Biblically Balanced Christian Life

Are you so heavenly minded that you are no earthy good? Are you so earthly minded that you are no heavenly good?

–Dr. Steven Riser

(A part of what I have written here is inspired by the professor’s article “How to Live a Biblically Balanced Life”).

We live in a world where people live in extremes. But, as is the principle of Eccl. 3:1-8 and Proverbs 19:2, I believe believers ought to live in a healthy balance.

Let me say by word of qualification before I elaborate further that there are areas in a Christian life that need NOT be balanced. We believers ought to kill sin before it kills us, thus the need for extreme measures to achieve it if need be. Love for God is first and foremost before love for fellow men. And refusal to evangelize is tantamount to ingratitude for what Christ has done for us. We have to regard as sin what God regards as sin, and NOT to regard as sin what God does NOT regard as sin (even believers have the tendency to the latter, oftentimes in subtle ways, which is tantamount to adding to the Scriptures and/or despising God’s creation).

However in areas that are neither commanded nor prohibited, neither black nor white, the pursuit of Biblical balance is vital because leaning to one extreme or the other can become (not always immediately is) a heresy. For example, you may want too badly to marry, or maybe you are tempted to be impatient. So what you do to resolve the problem is to view marriage as an abomination (asceticism) and maybe even demonize it, or keep delaying the time to move forward even if the time is right. Just because you’re afraid to kill, does that mean you will never use a knife? Or learn to drive a car? Just because you’re afraid/tempted to get too close or too attached to a brother/sister not your spouse, does it mean you can no longer see him for what he really is: brother/sister in Christ, a friend, treat him as such, (and maybe even develop a healthy close relationship with him if permissible)?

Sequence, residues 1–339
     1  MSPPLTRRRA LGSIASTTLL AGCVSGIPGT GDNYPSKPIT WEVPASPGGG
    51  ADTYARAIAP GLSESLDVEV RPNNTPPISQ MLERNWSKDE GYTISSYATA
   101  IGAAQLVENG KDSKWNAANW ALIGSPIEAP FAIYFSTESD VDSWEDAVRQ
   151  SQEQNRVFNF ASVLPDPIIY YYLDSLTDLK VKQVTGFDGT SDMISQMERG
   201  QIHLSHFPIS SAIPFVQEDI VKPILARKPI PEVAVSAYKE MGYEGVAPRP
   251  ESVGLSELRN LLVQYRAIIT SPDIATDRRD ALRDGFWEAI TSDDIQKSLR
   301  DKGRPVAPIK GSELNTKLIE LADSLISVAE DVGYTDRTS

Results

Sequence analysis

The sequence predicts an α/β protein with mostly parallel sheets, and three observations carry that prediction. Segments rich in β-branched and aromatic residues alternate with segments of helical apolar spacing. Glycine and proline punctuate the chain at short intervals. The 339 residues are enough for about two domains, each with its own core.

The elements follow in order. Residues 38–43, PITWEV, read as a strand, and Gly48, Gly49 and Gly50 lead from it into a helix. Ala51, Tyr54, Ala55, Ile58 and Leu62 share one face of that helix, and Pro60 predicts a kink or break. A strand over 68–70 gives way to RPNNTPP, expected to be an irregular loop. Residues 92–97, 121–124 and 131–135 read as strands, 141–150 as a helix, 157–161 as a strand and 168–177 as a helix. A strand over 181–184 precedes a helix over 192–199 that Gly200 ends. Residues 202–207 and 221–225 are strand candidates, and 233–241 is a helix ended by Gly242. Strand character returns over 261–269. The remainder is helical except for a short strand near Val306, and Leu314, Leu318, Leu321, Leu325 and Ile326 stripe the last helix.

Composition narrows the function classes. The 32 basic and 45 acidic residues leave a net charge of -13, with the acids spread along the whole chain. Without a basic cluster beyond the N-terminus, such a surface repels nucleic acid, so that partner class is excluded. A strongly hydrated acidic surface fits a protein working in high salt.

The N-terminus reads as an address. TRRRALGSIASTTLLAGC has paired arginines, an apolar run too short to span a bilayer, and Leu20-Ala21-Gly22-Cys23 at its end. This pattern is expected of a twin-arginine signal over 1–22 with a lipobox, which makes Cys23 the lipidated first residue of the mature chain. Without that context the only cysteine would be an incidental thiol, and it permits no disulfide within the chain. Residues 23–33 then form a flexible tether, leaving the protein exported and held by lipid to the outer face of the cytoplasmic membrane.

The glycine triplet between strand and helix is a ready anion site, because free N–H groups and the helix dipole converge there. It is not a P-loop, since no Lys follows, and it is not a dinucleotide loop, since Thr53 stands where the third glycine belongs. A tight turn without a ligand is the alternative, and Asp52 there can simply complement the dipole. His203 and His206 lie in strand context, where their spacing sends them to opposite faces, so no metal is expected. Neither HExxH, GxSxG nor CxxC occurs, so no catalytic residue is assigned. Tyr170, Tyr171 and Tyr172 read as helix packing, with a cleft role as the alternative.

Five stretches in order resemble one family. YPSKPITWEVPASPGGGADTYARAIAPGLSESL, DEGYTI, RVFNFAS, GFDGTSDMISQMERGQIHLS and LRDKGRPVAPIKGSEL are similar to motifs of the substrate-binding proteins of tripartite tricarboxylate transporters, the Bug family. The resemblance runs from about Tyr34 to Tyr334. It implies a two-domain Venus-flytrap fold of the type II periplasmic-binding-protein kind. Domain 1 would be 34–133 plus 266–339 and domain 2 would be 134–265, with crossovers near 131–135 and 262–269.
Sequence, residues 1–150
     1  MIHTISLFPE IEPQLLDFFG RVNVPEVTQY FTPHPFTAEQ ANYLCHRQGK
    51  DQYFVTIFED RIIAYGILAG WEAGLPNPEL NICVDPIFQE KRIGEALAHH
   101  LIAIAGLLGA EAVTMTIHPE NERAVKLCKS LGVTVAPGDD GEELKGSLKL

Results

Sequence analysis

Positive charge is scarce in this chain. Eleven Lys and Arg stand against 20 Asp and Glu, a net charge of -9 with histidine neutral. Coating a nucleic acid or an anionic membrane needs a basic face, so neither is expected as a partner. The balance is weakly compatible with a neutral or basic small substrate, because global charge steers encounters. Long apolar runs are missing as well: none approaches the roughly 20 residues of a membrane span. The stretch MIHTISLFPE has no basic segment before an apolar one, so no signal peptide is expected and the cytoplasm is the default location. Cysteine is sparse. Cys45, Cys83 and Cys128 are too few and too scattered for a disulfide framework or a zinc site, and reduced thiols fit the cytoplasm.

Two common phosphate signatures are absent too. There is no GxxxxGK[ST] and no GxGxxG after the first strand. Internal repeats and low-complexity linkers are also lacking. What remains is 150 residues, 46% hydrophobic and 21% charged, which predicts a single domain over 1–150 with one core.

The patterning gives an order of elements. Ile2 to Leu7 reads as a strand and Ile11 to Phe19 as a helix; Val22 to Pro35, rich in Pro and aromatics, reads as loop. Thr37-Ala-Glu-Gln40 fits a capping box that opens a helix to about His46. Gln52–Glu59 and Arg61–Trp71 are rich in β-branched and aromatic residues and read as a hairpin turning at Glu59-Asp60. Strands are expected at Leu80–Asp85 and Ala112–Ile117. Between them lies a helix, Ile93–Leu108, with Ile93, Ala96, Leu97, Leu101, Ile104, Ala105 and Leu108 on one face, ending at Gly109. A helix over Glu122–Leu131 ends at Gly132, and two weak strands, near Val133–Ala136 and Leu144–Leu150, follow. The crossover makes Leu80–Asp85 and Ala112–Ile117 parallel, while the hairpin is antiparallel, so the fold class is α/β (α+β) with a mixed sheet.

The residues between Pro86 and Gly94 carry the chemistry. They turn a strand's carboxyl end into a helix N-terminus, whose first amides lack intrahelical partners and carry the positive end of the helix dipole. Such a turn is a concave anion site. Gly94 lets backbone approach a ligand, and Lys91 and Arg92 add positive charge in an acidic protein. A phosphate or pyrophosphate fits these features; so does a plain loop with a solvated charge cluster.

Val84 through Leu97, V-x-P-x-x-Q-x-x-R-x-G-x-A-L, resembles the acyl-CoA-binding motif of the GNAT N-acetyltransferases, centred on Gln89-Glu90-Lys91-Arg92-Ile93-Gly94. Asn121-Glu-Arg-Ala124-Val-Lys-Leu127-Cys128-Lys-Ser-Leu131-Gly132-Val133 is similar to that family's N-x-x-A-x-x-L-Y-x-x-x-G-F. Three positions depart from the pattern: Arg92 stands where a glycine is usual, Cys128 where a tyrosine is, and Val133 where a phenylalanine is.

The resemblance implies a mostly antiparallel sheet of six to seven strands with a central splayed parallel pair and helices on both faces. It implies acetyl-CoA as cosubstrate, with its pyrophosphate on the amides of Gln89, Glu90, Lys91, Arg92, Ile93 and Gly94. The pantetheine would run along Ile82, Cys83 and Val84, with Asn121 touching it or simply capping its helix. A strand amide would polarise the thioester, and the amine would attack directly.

The Pharisees were themselves extremists. They thought what they were doing was right, but actually their religious extremism was displeasing to God, that Jesus openly called them hypocrites (Matthew 23). But we too have that tendency to overreact to things, which comes in response to what someone does, or a guise of repairing a false doctrine.

If a parent is too permissive to a child, another parent can overreact by being too strict. Since many die out of eating too much of roasted pigs, you might overreact by not eating roasted pigs at all–or similar foods for that matter. Since we ought not to be unequally yoked with unbelievers, women can overreact by making it their criteria for their husband  to be elder material, when not everyone is gifted (and desirous) for the task. If one church advocates salvation by works, another church, to counter such, can overreact by advocating salvation without works at all. If one church does not preach repentance, one church can overreact by over-impressing upon a person his sins, forgetting that there IS cleansing in Christ who promised rest (Matt. 11:28)–and thus they appear self-righteous and judgmental.